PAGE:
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PTO

Nurses   (408 Views | 13 Replies)

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Hey guys, I've just received a job offer. The PTO accrual is 0.05 hours of PTO for every hour worked. So that's 86.4 hours/year, or 7.2 days. I'm trying to see if I should take this job. Is this average? My last full-time nursing job I got 197 hours/ year but it also had mandatory overtime so it's hard to compare. 

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kbrn2002 has 25 years experience as a ADN, RN and specializes in Geriatrics, Dialysis.

3,154 Posts; 30,321 Profile Views

1 week vacation in the first year of employment is pretty standard so that's not necessarily a deal breaker.  But there are a couple of important questions.

First, does that PTO bank pull holiday pay out of it or will your paid holidays be paid separate?  That policy seems to vary by employer so it's important to find this out. If holidays are pulled from the PTO hours that cuts your vacation time to 1 day which is needless to say unacceptable. 

Also consider sick time, is that also pulled from PTO or is there a separate bank of sick time? Assuming there is a separate sick time bank do they have so many stipulations on how and when it can be used as to make it pretty useless? Believe me I've seen some ridiculous sick pay policies so that is a question worth asking.

Last question I would ask is at what point does PTO accrual per hour increase?  How much does the accrual increase based on years of service and what years does the increase kick in? They should give you a breakdown of that sometime during the hiring process.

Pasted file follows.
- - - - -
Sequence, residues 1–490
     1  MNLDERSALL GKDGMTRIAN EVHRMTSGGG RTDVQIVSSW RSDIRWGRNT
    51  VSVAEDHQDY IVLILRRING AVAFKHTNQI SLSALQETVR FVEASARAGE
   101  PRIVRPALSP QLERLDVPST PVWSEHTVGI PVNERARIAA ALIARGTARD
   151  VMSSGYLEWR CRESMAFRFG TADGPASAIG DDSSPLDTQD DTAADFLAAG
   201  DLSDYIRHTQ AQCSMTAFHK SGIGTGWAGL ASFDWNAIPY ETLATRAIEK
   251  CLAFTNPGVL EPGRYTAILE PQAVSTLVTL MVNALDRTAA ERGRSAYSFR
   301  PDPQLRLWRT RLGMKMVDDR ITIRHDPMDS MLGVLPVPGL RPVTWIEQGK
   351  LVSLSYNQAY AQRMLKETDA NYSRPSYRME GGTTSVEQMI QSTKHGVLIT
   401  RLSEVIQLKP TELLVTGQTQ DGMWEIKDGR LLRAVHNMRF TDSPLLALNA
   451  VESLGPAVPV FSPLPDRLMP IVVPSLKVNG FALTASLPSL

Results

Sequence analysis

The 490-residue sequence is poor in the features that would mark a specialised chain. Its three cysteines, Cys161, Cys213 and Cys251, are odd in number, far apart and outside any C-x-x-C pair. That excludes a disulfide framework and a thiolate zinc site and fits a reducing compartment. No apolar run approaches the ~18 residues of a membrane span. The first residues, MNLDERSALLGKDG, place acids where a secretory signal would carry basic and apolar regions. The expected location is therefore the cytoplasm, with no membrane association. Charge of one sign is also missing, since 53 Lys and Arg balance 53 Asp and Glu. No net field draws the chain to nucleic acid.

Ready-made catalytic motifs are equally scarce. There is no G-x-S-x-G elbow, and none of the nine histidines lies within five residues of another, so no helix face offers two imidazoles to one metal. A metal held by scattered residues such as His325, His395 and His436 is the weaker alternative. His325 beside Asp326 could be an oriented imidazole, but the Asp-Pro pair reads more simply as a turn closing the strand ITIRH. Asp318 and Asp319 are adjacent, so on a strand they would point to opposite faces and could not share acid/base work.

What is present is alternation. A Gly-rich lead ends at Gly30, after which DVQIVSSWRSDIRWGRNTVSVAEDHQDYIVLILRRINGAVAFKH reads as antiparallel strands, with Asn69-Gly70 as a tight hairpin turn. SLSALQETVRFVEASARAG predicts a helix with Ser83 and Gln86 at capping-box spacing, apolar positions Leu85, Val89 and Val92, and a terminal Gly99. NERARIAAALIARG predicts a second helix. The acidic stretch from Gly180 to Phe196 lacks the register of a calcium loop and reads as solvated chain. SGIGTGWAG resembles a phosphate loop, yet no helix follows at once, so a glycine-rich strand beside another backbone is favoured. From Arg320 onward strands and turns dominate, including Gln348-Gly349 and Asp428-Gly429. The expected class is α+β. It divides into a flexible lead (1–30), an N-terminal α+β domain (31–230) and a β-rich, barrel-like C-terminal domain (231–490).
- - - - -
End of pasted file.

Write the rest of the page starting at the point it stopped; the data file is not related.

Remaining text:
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llg has 43 years experience as a PhD, RN and specializes in Nursing Professional Development.

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So ... you work 12 hours shifts ... which means this 7.2 days is actually 2 weeks of paid vacation per year, assuming you work three 12-hour shifts per week.   Do you also get holidays?   If you work a little extra, will you continue to accrue PTO at that rate?    That is important to consider as well.

2 weeks of vacation per year + 6 holidays used to be the standard for health care.   Now, I believe that is lower than average -- but not outrageously so.   It depends on what type of facility it is -- an office or clinic?   An inpatient setting, etc.?    Hospitals tend to offer a little more PTO than other types of facilities.    How long would you accrue at that rate?  Would you earn more PTO after working there for a couple of years?   Do you get some "sick time" in addition to that PTO?  Or will you have to use PTO for every illness?

Most important ... will you like the work?    Will you be happy in the job itself?   That is the most important consideration.

 

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1 Follower; 795 Posts; 7,454 Profile Views

Is that vacation, sick and holidays?  That’s not much!

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19 Posts; 1,062 Profile Views

It’s for vacation, sick time, and personal leave. It goes up a little bit every year, after one year it goes to 0.054 PTO hrs/hr, after 2 years 0.057 and so on. The only think I see about holidays is that they are not accrued, but deposited on the date observed. I’m not sure what this means, I’m coming from a place with no paid holidays, no extra pay for them or anything. 

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kbrn2002 has 25 years experience as a ADN, RN and specializes in Geriatrics, Dialysis.

3,154 Posts; 30,321 Profile Views

I'm assuming you are in the US? There are usually 6 paid holidays. New Years, Memorial Day, July 4th, Labor Day, Thanksgiving and Christmas. The occasional employer will pay Easter as well but that's not too common. If their policy is to pay the holiday whether you work it or not then you will see holiday pay on your check stub when  those come around.